Recent Legislation Will Help Ensure Better Quality Care for Patients and Law Offices of Osofsky and Osofsky Gives Tips on How to Evaluate a Nursing Home
There are new changes in state law regarding California’s skilled nursing homes.
Nursing homes will now face fines if they do not maintain state-mandated staffing requirements under the reauthorization of AB 1629 signed by Gov. Arnold Schwarzenegger on Oct. 19. The state will now have new tools to enforce the existing staffing requirement of 3.2 nursing hours per patient per day, required of all nursing homes licensed in California that receive Medi-Cal or Medicare payments.
These changes were established for accountability’s sake to ensure that all nursing homes meet state requirements. They were designed to reinforce the Long Term Care Reimbursement Act of 2004, which increased funding for nursing homes to help them meet these staffing requirements. Until now, the 2004 act had not fully met its goal of improving patient care.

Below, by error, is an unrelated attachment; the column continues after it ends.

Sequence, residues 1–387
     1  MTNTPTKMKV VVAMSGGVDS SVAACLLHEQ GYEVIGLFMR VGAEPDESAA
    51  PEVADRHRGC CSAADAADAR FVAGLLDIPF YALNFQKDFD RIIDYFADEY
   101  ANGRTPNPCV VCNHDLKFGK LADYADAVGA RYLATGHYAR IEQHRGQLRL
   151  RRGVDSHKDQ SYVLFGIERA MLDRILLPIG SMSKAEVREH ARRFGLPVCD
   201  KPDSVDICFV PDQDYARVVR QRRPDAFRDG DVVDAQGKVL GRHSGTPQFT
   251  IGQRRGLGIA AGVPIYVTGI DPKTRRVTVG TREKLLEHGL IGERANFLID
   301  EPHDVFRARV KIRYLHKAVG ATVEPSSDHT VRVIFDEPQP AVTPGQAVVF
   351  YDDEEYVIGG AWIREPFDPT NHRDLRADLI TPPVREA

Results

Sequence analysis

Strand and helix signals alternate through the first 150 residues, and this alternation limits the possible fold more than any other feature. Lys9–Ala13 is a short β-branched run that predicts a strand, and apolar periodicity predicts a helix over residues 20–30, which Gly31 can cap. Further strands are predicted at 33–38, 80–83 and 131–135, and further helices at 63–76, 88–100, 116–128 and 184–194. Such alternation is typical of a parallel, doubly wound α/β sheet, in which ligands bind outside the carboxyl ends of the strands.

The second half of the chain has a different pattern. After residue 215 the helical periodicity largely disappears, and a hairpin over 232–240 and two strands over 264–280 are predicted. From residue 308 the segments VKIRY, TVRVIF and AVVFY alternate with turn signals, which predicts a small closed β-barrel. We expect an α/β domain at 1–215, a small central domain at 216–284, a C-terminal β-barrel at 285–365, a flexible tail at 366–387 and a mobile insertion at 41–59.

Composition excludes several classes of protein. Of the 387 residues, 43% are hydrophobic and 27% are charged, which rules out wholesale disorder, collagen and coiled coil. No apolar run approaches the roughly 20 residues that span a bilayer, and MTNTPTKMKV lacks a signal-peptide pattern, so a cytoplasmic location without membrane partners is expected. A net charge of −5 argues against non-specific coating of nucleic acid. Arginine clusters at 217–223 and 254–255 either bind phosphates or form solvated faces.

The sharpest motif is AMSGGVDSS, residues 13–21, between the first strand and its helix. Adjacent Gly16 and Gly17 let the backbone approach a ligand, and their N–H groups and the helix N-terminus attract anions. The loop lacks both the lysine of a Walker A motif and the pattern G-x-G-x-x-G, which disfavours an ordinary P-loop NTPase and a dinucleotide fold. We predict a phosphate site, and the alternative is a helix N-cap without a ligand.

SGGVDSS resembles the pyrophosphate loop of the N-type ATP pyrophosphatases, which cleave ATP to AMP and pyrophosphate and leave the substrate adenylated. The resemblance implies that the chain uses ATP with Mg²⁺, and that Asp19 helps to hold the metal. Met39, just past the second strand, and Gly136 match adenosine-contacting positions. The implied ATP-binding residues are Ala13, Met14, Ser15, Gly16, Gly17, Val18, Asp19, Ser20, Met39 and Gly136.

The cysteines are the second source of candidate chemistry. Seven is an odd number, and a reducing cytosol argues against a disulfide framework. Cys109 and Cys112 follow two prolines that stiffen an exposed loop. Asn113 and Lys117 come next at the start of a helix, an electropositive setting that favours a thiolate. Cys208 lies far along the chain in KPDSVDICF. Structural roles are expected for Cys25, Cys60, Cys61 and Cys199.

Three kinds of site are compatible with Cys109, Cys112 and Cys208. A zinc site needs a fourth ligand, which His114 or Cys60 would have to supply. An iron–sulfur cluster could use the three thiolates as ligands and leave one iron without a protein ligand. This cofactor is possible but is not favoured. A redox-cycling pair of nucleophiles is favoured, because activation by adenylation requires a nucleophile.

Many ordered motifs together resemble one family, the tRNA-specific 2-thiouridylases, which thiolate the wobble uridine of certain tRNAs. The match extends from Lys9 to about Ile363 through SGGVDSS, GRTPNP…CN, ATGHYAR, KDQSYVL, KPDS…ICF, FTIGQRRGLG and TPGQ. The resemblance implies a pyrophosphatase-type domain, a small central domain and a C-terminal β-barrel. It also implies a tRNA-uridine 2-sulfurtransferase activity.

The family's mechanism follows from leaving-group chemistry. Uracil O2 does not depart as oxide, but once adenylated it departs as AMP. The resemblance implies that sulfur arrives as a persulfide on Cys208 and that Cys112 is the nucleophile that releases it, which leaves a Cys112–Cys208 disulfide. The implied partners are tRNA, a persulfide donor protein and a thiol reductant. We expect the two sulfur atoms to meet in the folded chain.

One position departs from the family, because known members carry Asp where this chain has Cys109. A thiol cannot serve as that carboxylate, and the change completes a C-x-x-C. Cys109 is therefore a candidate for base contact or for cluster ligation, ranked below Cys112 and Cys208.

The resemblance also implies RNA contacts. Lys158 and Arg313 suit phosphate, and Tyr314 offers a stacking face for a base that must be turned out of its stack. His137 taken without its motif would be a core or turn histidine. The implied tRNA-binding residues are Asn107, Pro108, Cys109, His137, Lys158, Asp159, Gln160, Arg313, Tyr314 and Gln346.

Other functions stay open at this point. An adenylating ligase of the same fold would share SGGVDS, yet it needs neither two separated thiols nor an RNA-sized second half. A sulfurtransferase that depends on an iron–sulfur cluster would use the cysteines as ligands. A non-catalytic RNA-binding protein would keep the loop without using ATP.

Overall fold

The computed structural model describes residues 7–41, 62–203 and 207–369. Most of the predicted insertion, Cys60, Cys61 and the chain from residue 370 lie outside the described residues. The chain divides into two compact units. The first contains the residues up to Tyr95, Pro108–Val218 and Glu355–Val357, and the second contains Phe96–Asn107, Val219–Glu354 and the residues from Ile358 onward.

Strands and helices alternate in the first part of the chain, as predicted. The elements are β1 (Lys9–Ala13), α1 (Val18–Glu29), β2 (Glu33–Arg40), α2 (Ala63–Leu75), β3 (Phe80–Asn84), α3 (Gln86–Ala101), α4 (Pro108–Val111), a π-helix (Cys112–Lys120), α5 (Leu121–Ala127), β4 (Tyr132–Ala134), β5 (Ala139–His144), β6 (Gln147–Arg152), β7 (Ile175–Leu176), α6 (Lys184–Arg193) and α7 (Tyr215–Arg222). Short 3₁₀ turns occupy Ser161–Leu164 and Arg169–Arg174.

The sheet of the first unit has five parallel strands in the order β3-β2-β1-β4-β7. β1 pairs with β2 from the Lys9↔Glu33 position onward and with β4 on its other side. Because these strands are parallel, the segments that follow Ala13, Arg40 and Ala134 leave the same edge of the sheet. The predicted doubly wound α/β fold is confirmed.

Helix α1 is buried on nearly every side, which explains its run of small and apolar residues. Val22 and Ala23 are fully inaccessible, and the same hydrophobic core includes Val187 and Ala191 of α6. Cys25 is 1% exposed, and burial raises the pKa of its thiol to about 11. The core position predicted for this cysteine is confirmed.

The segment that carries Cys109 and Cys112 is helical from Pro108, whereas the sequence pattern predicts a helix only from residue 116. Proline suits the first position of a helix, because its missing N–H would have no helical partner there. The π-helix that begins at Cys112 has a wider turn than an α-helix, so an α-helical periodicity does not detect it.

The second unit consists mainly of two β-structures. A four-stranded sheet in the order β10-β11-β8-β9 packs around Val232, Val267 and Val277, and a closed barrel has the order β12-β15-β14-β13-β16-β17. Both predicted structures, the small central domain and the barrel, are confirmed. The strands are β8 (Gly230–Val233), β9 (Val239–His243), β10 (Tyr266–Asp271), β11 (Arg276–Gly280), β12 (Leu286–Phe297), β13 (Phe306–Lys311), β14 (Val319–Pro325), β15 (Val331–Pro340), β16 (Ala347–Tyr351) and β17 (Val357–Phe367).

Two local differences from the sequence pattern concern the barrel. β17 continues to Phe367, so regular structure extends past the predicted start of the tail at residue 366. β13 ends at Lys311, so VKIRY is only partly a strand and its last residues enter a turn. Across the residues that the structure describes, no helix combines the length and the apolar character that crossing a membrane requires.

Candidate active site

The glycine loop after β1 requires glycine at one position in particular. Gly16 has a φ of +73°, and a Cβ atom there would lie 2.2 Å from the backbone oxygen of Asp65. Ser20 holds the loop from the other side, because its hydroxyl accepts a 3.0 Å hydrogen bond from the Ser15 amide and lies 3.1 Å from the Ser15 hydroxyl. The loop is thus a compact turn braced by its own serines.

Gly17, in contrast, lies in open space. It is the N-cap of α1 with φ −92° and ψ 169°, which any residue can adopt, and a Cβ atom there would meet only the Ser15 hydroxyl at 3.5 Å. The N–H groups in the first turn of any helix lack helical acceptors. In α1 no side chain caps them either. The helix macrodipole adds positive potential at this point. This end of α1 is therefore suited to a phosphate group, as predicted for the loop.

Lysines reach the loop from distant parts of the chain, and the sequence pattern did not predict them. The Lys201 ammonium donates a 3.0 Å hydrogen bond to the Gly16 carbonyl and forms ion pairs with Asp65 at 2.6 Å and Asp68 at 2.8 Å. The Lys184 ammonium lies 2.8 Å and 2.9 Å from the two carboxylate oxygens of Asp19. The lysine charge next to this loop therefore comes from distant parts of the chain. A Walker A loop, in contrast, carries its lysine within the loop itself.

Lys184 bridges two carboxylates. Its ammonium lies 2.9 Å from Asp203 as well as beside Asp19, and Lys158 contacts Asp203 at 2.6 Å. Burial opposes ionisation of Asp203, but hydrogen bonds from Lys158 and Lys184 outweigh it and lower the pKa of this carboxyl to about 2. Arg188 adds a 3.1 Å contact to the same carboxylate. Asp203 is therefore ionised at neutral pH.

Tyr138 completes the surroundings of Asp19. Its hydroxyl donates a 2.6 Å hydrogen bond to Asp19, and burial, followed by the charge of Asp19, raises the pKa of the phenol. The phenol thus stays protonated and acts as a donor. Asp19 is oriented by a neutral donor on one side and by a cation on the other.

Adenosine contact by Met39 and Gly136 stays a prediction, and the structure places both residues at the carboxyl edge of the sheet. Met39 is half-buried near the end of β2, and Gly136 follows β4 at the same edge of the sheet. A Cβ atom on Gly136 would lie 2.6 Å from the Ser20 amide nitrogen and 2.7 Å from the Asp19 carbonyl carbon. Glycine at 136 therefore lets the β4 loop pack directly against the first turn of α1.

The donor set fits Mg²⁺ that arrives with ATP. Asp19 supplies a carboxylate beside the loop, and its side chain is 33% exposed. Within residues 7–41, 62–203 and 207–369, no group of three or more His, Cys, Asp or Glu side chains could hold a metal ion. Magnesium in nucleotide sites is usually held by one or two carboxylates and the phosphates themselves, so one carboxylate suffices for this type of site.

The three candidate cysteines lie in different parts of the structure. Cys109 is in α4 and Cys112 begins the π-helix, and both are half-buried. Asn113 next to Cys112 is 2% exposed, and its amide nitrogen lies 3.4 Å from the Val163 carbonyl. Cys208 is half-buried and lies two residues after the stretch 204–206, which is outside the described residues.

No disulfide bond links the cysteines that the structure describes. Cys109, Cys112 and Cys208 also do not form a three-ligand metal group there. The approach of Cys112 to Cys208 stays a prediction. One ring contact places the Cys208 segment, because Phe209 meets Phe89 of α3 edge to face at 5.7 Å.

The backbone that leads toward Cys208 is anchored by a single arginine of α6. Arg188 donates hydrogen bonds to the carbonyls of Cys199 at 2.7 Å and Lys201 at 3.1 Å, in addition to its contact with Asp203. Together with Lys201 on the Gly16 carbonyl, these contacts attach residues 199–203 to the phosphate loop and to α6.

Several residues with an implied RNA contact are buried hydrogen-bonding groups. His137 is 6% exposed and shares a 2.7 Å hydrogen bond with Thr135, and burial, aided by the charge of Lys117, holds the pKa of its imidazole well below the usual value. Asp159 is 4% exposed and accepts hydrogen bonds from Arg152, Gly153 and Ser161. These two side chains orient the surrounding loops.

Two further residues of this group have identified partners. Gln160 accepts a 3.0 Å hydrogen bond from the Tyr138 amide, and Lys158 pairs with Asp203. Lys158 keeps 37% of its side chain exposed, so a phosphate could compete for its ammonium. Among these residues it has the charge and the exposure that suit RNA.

The new law will also increase the number of auditors investigating the nursing homes. It will also establish fines for those who are non-compliant.
“The reason for this legislation was to provide better enforcement of the required staffing ratios in nursing homes, in order to improve the quality of patient care,” said Gene Osofsky of the Law Offices of Osofsky and Osofsky, which specializes in elder law, estate planning and trust administration.
Skilled nursing homes and care facilities will face penalties and fines if they do not meet the staffing requirements as required by law. Although some nursing homes already staff at the state’s requirement, others will now be forced to comply through imposition of fines and penalties. “We hope that the new law will provide better enforcement of the required staffing and improve the quality of care for patients,” Osofsky said.
“What’s more important than a nice looking facility is the quality of care. One must look at how the residents in the nursing home are being attended to and how well they are being treated and respected. Try to visit a facility at a time that hasn’t been prearranged in order to get an unrehearsed version of how the place operates,” Osofsky said.